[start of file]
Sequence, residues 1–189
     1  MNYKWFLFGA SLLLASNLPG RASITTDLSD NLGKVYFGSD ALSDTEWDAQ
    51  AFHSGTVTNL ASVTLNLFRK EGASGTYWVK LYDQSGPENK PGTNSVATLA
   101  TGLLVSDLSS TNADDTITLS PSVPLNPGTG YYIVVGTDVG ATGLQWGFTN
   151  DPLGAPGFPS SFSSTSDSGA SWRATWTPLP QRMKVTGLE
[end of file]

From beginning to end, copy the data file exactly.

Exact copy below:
Sequence, residues 1–189
     1  MNYKWFLFGA SLLLASNLPG RASITTDLSD NLGKVYFGSD ALSDTEWDAQ
    51  AFHSGTVTNL ASVTLNLFRK EGASGTYWVK LYDQSGPENK PGTNSVATLA
   101  TGLLVSDLSS TNADDTITLS PSVPLNPGTG YYIVVGTDVG ATGLQWGFTN
   151  DPLGAPGFPS SFSSTSDSGA SWRATWTPLP QRMKVTGLE